The theory of Motivating Change was co-created by three improvement organisations who may not be representative of others engaged in large-scale improvement. Although the organisations recognised the importance of service users in the change process and included this in the theory, their voices did not contribute directly to the theory development and future work could extend to better understanding service users’ role. However, it should be noted that, from the perspective of classic grounded theory, the aim of this work was not to generate objective facts, but to develop conceptually general lessons about sustained, large-scale change. Theory is intended to be modified17 and this paper provides a foundation for future work where it can be verified and modified to strengthen its usefulness and scope.
Motivating Change conceptualises the psychosocial-structural conditions for large-scale, sustained change. By narrowing the gap between extrinsic and intrinsic motivators, and equipping staff with the capacity and opportunity to act on these motivations, it is possible to create self-improving organisations with a systems structure that welcomes change as a means to improvement. The theory adds to and extends the existing evidence base on how to create large-scale sustained change and promotes the shared expertise of those individuals already actively doing improvement work on the ground. Importantly, in highlighting motivational processes as central to the change process, rather than simply one aspect, this paper calls for greater humanising of the improvement process and demonstrates the value in listening to individuals and organisations with successful track records in lasting improvement. It also provides a practical and usable resource in the Motivating Change Framework to facilitate the implementation and evaluation of future large-scale, sustained change.
The authors thank all the staff represented by the named key authors from the three organisations (Unicef UK, NHS Highland and Healthcare Improvement Scotland) for their time and willingness to co-create theory, and their feedback on drafts of the paper. The authors also thank Karen Ritchie for her comments and Gillian Clark and Fiona Szeller for invaluable administrative support in arranging consultation meetings and facilitating ongoing communication between partner organisations. The authors also thank the team in NHS East Lancashire for sharing their experiences of achieving the BFI Gold Award to help illustrate the concepts within the theory.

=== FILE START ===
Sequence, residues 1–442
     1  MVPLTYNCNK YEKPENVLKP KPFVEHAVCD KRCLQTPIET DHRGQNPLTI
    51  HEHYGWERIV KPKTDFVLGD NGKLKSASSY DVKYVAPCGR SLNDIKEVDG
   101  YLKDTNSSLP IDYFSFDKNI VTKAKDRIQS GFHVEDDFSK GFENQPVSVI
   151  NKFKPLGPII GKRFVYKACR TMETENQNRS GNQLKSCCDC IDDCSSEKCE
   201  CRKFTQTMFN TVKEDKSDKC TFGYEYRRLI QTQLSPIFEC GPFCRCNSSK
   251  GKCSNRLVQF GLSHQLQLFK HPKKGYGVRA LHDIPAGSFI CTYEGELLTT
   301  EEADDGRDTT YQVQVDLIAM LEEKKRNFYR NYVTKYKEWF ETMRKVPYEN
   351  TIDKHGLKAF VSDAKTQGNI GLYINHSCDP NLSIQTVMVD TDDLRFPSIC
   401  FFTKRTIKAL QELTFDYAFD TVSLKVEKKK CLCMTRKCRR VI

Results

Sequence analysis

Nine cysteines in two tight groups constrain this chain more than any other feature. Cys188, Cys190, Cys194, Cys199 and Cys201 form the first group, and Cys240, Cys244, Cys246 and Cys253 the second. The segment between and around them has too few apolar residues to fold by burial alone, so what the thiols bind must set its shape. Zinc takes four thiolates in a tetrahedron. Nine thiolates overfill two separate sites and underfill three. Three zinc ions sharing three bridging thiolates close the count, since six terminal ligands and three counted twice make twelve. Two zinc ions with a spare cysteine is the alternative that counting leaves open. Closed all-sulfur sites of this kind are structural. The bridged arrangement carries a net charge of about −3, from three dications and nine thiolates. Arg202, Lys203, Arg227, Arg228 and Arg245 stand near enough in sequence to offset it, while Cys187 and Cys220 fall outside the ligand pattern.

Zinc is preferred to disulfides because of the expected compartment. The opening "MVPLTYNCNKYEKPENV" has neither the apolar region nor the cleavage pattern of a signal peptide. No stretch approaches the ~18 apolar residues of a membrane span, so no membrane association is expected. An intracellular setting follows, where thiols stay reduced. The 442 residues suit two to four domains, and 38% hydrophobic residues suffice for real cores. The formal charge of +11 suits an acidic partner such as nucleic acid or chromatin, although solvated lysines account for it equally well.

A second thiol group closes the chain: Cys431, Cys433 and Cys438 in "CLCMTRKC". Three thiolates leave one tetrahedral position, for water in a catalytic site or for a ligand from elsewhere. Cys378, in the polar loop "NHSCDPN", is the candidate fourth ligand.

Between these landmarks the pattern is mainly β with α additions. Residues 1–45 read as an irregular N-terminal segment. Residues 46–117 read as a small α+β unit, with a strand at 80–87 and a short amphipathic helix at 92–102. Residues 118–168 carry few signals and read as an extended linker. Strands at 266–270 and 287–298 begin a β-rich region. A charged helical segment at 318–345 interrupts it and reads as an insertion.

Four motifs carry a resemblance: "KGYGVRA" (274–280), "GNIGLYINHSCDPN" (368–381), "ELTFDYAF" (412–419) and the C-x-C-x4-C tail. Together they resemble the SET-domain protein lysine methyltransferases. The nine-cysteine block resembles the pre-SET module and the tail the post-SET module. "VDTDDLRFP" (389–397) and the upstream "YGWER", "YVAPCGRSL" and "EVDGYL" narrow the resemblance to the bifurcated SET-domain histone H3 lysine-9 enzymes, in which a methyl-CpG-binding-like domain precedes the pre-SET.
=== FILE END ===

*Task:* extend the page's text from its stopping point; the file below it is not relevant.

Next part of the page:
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Contributors JPB designed the project, led and facilitated the knowledge mobilisation activity, analysed the workshop notes, prepared the complete first draft of the paper and redrafted in response to team input. MJR contributed to design, workshop facilitation, data analysis, commented on drafts and coordinated communication with the partner organisations. MT contributed to workshop facilitation, commented on drafts and contributed to the final writing of the manuscript. NG contributed to workshop facilitation and commented on drafts. SA, CS and RG facilitated partnership working with their organisations, contributed to theory development, commented on drafts and agreed on the final manuscript on behalf of participating members in their organisations.
Funding This work is supported by core funding from the Scottish Improvement Science Collaborating Centre, which is jointly funded by the Scottish Funding Council, Health Foundation, Chief Scientist Office, and NHS Education Scotland. The funding bodies had no role in the design or interpretation of this study or in writing the manuscript.
Competing interests None declared.
Patient consent for publication Not required.
Provenance and peer review Not commissioned; externally peer reviewed.
Data availability statement No additional data are available.